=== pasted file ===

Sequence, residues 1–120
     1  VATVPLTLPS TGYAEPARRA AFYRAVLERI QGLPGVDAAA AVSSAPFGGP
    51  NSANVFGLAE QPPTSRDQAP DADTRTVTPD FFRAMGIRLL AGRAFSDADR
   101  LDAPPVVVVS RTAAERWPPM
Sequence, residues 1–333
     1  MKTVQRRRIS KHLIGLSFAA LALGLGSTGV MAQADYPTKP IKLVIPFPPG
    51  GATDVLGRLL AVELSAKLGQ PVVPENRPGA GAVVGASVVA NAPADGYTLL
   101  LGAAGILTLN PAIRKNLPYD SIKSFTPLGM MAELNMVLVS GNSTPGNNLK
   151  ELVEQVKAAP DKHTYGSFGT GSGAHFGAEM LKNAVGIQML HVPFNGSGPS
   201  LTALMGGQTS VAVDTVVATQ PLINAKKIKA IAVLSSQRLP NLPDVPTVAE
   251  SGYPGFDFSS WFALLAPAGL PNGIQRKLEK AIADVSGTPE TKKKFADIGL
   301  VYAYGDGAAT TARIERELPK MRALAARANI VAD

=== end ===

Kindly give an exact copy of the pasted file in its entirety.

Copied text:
Sequence, residues 1–120
     1  VATVPLTLPS TGYAEPARRA AFYRAVLERI QGLPGVDAAA AVSSAPFGGP
    51  NSANVFGLAE QPPTSRDQAP DADTRTVTPD FFRAMGIRLL AGRAFSDADR
   101  LDAPPVVVVS RTAAERWPPM
Sequence, residues 1–333
     1  MKTVQRRRIS KHLIGLSFAA LALGLGSTGV MAQADYPTKP IKLVIPFPPG
    51  GATDVLGRLL AVELSAKLGQ PVVPENRPGA GAVVGASVVA NAPADGYTLL
   101  LGAAGILTLN PAIRKNLPYD SIKSFTPLGM MAELNMVLVS GNSTPGNNLK
   151  ELVEQVKAAP DKHTYGSFGT GSGAHFGAEM LKNAVGIQML HVPFNGSGPS
   201  LTALMGGQTS VAVDTVVATQ PLINAKKIKA IAVLSSQRLP NLPDVPTVAE
   251  SGYPGFDFSS WFALLAPAGL PNGIQRKLEK AIADVSGTPE TKKKFADIGL
   301  VYAYGDGAAT TARIERELPK MRALAARANI VAD